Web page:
And a lot of the benefit from upright birthing positions comes from getting into the position that feels good to you. And I think that’s a key part of most midwives’ model of practice. And unfortunately, even in these research studies, sometimes the participants are made to lie back for the delivery which lessens any benefits and introduces harm by making it extremely likely that you’ll have an episiotomy cut or perhaps even forceps or vacuum. Unfortunately, this is not low limited just to research. Over the past 10 years, as I’ve been researching and writing at Evidence Based Birth, I’ve had the opportunity to travel around North America, speaking and giving presentations at various regional and local events. And as I talk with people in the room, I have heard over and over that many providers in Canada and the US may be willing to support you pushing in an upright position, but when it comes to the actual delivery or birth, they insist that you get on your back either in a semi-sitting position or the lithotomy position or even worse, just lying flat on your back.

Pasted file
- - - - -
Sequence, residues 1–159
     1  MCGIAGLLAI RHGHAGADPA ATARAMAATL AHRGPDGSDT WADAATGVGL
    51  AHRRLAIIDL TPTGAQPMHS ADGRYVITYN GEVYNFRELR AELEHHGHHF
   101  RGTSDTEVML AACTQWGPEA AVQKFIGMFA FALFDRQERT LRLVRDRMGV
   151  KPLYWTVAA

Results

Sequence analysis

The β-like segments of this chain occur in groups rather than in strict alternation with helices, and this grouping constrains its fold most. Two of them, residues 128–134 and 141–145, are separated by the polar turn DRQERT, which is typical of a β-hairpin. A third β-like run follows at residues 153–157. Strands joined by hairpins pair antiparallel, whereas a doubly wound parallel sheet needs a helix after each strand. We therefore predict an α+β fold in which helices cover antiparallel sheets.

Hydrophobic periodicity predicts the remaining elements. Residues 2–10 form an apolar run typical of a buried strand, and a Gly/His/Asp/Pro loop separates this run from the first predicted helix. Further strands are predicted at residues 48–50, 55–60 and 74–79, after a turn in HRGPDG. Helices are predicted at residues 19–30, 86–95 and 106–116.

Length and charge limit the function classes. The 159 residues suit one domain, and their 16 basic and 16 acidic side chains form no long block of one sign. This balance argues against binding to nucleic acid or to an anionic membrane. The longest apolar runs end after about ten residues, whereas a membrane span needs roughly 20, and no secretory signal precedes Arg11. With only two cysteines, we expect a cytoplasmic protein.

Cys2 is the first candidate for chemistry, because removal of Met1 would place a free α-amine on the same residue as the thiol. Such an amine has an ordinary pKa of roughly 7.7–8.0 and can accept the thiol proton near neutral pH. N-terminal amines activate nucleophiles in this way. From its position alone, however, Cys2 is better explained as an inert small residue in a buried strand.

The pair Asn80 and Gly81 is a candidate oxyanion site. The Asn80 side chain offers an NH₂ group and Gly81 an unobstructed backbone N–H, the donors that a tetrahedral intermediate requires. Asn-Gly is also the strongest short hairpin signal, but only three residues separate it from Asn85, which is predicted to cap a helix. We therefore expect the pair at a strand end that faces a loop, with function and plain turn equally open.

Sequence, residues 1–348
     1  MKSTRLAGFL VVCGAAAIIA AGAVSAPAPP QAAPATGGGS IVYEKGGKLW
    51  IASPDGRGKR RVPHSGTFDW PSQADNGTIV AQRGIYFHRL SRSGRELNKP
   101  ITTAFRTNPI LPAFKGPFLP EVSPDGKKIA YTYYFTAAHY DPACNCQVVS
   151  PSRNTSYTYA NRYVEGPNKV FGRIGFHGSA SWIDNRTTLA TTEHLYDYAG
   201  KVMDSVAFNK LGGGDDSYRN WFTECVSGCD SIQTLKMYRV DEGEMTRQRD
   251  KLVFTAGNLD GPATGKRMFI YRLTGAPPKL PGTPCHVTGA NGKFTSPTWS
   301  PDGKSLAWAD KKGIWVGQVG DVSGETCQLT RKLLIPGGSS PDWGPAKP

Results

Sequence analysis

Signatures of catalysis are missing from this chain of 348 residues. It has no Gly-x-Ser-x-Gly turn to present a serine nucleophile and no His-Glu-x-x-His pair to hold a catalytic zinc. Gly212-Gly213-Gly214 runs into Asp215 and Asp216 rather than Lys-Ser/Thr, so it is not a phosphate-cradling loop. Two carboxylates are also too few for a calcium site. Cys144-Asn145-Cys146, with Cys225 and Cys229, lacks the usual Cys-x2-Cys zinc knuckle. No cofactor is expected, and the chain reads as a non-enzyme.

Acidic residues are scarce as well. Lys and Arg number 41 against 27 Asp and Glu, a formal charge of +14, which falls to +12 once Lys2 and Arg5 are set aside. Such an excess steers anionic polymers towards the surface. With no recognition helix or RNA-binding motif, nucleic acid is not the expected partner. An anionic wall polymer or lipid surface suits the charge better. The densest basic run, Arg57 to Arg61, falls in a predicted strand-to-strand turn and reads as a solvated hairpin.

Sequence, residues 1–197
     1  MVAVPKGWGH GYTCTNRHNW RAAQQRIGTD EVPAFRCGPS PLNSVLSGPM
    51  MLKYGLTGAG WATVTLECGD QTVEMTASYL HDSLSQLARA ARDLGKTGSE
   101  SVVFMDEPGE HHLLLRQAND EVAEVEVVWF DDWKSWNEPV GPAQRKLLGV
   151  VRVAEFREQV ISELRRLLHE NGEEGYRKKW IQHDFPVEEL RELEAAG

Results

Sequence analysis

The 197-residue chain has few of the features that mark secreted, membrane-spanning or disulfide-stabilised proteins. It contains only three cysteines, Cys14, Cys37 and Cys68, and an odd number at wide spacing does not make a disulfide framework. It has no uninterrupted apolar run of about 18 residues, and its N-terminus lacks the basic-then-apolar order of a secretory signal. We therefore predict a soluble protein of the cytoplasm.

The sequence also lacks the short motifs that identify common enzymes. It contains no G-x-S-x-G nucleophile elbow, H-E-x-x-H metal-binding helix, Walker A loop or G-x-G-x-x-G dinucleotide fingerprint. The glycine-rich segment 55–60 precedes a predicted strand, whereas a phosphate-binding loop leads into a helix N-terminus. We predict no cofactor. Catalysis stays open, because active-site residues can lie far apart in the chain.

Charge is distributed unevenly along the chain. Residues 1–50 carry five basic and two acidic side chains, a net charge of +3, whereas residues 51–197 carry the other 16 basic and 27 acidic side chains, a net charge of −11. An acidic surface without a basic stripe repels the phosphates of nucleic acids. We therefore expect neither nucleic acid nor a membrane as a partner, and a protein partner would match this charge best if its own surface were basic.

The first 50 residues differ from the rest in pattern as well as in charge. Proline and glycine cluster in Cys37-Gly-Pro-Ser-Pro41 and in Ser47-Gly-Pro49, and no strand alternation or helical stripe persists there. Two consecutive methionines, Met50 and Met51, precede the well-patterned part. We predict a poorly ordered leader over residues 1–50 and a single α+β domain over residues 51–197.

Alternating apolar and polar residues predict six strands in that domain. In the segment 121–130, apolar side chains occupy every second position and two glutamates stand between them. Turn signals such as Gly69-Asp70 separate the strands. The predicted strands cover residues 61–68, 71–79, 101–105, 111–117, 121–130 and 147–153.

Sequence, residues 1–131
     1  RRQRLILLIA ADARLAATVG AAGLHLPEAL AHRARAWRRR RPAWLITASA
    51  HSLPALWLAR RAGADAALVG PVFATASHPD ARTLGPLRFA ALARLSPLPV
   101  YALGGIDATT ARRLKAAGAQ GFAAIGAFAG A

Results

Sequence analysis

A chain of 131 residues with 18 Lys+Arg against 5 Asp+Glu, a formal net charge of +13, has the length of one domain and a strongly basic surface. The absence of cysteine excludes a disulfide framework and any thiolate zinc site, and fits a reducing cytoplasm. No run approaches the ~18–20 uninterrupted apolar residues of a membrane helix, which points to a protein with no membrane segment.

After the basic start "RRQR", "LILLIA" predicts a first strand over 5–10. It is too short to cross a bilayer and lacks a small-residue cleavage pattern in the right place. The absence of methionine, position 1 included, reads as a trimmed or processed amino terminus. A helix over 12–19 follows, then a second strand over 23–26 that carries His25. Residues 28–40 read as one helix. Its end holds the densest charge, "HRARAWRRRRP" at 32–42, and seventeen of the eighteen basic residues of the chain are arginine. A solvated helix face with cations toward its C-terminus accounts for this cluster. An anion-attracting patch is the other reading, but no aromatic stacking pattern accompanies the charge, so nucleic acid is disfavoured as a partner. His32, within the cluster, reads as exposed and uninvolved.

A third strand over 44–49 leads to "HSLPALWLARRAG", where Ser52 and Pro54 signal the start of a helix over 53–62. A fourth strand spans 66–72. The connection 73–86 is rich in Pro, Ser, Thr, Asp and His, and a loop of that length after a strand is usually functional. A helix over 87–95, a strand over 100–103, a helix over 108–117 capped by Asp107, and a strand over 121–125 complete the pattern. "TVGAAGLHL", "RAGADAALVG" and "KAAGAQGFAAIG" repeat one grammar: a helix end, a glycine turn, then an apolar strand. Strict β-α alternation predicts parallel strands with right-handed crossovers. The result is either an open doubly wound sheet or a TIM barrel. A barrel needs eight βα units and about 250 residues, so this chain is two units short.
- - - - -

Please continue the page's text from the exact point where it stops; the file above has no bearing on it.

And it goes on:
The desire for some healthcare workers to have the delivery happen in a controlled manner, being in a non-upright position is so strong that many people have shared with me stories of either being coerced or forcibly placed into non-upright positions during childbirth. And we’re going to be talking with Mandy Ivy soon about this topic and about the lithotomy position and how that is technically a restraint. And especially if it’s being done against your will.
The use of forcing people into the caregivers preferred position has been described as a form of obstetric violence. In a paper published in the Journal of Perinatal & Neonatal Nursing by Pascucci and Adams, they state that, “Obstetric violence is in its simplest form, a form of violence against women that occurs in the childbirth setting. It is an attempt to control someone’s body and decisions and may involve coercion, bullying, threats, and withdrawal of support as well as other violations of informed consent and physical force. Obstetric violence might manifest as forcing someone’s supine because that is the doctor’s preferred position for the birth. Forcing someone into a particular delivery position could be viewed by the courts as negligence or battery”.